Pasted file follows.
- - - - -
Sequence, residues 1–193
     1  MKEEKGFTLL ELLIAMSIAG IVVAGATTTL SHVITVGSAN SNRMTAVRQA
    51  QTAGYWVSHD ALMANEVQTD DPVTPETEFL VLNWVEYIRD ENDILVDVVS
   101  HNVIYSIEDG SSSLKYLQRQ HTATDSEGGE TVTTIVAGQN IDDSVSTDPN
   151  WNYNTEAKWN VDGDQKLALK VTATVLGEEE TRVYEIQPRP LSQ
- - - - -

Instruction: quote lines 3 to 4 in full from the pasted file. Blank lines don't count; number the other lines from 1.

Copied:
    51  QTAGYWVSHD ALMANEVQTD DPVTPETEFL VLNWVEYIRD ENDILVDVVS
   101  HNVIYSIEDG SSSLKYLQRQ HTATDSEGGE TVTTIVAGQN IDDSVSTDPN